The next big thing is technological unemployment — but is it something to fear or something we should embrace? Simon McMan looks at the changes sweeping towards us.
THE NEXT big issue the global economy is facing is 'Technological Unemployment'. For those who have never heard the term before, it is basically the process of mechanization and automation, and the transfer of jobs from humans to machines. It is considered by many to be as big as the industrial revolution and whether you like it or not it is going to change human civilization forever.
As different fields in technology and robotics develop and machines become more and more sophisticated, you will notice that a variety of labor based workforces become redundant. The main reason being, machines and computers don’t need a lunch or coffee break, they can work 24 hours a day and they will complete their tasks quicker and with more precision than humanly possible. Once you calculate the yearly wage of an employee versus the return on investment the machine will generate over a 5, 10 or 20-year period, you will reach the same conclusion that many businesses have come to across the globe. It is simply much more productive and profitable to employ technology.
Here are a few examples:
1. People vs. software
In a New York Times article, 'Armies of Expensive Lawyers, Replaced by Cheaper Software', one very clear case is made that illustrates this phenomenon. It begins by comparing the expenses that were necessary to examine 6 million documents in a big legal case in 1978 against using software to analyze 1.5 million documents in a case in 2011. The costs were $2.2 million in 1978 versus $0.1 million in 2011 — a fraction of the cost. The most significant factor was the payroll costs since a 'platoon of lawyers and paralegals' were no longer necessary and therefore the labor costs were significantly reduced.
The article goes on to explain the field of e-discovery software, and where we are headed in terms of what computers will be able to do for us in the future. According to the estimates of Michael Richard Lynch, the founder of a company called Autonomy:
'…the shift from manual document discovery to e-discovery would lead to a manpower reduction in which one lawyer would suffice for work that once required 500.'
As a side note, Lynch sold his company to Hewlett Packard for approximately $7 billion.
2. The retail sector
One recent example in Australia was the news that retail giant Amazon is searching for a local warehouse. More specifically, the fact that they are planning an expansion into the Asia-Pacific region, which could significantly lower prices and shorten delivery times for local shoppers. One only has to look at the effects of Amazon on bookstores such as Borders and Barnes & Nobel in the United States to realize the Darwinian consequences of mega-giants battling with old-school retail giants. And this is the kind of effect that Amazon has had on bookstores alone. As a quick side note, digital books (or e-books) have also played a significant role in transforming this industry, but in the context of technological unemployment the outcome is the same.
A similar narrative can be made about iTunes and music stores, and with advancements in streaming technologies and internet speeds it is only a matter of time before video-on-demand will kill the video store (or the DVD rental industry) also. Let’s not forget the increase in self check-out lanes in supermarkets, and in a much broader sense, the possibility of implementing RFID technologies in retail stores in the future. All of these examples highlight a significant contraction in terms of employment opportunities in retail.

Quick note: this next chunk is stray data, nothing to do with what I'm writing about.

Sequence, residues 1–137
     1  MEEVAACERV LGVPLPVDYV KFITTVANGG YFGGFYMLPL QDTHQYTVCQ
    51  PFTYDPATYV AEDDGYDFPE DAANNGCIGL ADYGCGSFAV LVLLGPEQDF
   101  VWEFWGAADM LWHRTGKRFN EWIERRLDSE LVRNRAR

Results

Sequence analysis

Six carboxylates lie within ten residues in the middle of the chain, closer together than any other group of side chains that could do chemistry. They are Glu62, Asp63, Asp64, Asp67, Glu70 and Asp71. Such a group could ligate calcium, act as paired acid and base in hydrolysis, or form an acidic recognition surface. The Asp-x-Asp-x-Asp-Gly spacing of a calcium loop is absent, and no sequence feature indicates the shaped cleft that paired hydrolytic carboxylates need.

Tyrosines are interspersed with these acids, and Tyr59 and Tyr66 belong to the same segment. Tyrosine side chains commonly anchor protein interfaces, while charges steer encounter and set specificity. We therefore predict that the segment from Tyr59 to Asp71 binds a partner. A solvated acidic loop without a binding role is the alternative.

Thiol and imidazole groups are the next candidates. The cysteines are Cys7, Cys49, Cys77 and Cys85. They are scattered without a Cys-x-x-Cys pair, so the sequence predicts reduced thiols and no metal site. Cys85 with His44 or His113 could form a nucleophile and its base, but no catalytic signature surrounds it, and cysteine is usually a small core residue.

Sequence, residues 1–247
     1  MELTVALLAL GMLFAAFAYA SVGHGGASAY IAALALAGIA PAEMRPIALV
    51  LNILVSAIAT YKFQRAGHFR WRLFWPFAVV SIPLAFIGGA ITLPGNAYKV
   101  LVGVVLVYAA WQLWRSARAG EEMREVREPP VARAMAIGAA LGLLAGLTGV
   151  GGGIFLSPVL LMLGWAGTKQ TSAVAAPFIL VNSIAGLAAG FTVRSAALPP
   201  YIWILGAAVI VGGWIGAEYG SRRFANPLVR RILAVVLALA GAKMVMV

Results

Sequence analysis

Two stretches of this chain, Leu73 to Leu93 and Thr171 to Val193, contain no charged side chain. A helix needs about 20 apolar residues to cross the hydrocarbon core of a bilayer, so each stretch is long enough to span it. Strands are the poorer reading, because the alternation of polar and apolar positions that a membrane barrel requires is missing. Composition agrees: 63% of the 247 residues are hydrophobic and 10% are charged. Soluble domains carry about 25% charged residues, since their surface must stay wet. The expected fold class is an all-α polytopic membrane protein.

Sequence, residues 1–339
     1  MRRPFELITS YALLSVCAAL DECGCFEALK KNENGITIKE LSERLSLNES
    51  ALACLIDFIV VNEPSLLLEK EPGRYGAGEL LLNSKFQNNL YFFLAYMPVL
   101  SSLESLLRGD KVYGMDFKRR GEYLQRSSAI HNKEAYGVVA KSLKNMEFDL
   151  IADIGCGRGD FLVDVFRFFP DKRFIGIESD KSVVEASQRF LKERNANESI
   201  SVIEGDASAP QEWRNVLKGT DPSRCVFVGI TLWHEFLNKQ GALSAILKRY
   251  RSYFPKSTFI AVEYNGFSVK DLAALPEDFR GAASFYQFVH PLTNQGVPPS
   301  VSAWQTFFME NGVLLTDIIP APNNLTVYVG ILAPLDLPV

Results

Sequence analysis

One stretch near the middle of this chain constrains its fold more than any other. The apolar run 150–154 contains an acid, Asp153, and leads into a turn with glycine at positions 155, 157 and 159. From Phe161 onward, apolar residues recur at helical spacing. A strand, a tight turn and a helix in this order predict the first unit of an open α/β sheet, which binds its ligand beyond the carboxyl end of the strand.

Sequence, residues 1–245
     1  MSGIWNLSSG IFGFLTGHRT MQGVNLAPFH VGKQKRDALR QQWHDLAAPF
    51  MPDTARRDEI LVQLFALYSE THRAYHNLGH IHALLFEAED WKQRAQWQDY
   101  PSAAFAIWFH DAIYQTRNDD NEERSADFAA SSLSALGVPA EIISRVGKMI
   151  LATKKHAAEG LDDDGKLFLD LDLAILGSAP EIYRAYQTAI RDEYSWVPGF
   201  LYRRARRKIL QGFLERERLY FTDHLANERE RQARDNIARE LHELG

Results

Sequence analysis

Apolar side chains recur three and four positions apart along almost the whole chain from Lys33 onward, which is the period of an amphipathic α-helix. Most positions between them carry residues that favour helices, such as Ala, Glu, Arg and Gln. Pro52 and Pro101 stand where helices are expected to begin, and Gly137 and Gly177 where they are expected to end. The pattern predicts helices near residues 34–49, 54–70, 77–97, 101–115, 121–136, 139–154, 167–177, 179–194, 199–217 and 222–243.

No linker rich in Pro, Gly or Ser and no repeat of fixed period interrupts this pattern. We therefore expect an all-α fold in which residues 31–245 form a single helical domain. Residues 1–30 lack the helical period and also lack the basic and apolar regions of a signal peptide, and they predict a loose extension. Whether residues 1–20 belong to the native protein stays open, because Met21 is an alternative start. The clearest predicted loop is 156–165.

There are many different stories that I could write about in this section, but perhaps the most interesting story, of late, is the one of Foxconn. For those who have never heard about the electronics-manufacturing giant from Taiwan, these are the folks that make a variety of parts for the iPhone, iPad, Xbox, Playstation, and many, many, other electronic products. According to this article from a Chinese news source:
'The company currently employs 1.2 million people, with about 1 million of them based on the Chinese mainland.'
It reveals the remarkable fact that in the next three years Foxconn plans to "replace workers with 1 million robots" — which basically means that they are going to employ more robots than people. Speaking of his more than 1 million employees, Foxconn chairman Terry Gou has said:
'As human beings are also animals, to manage one million animals gives me a headache.'
Now we've all heard this one before, the story about the factory that shuts its doors and moves overseas. For the last decade or so, one of the main reasons that have been highlighted by corporate media outlets – in terms of explaining the rise in unemployment across Western society – has been the outsourcing of jobs to countries with lower wages, namely China and other developing nations. My contention is that in the near future most of these task orientated manufacturing jobs won't employ people anyway, and this specific story from Taiwan only magnifies how technological unemployment is truly a global phenomenon of great significance.
Once you accept that robots and machines are replacing human beings across many different industries, we need to ask ourselves: to what end?
What else will the machines be capable of doing?